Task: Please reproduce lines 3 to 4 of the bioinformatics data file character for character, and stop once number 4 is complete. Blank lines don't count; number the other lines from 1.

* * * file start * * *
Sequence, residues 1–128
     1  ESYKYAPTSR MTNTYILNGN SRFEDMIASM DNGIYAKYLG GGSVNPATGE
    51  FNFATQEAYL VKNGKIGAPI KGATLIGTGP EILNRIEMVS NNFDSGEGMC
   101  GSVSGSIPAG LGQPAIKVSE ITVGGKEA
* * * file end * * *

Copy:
    51  FNFATQEAYL VKNGKIGAPI KGATLIGTGP EILNRIEMVS NNFDSGEGMC
   101  GSVSGSIPAG LGQPAIKVSE ITVGGKEA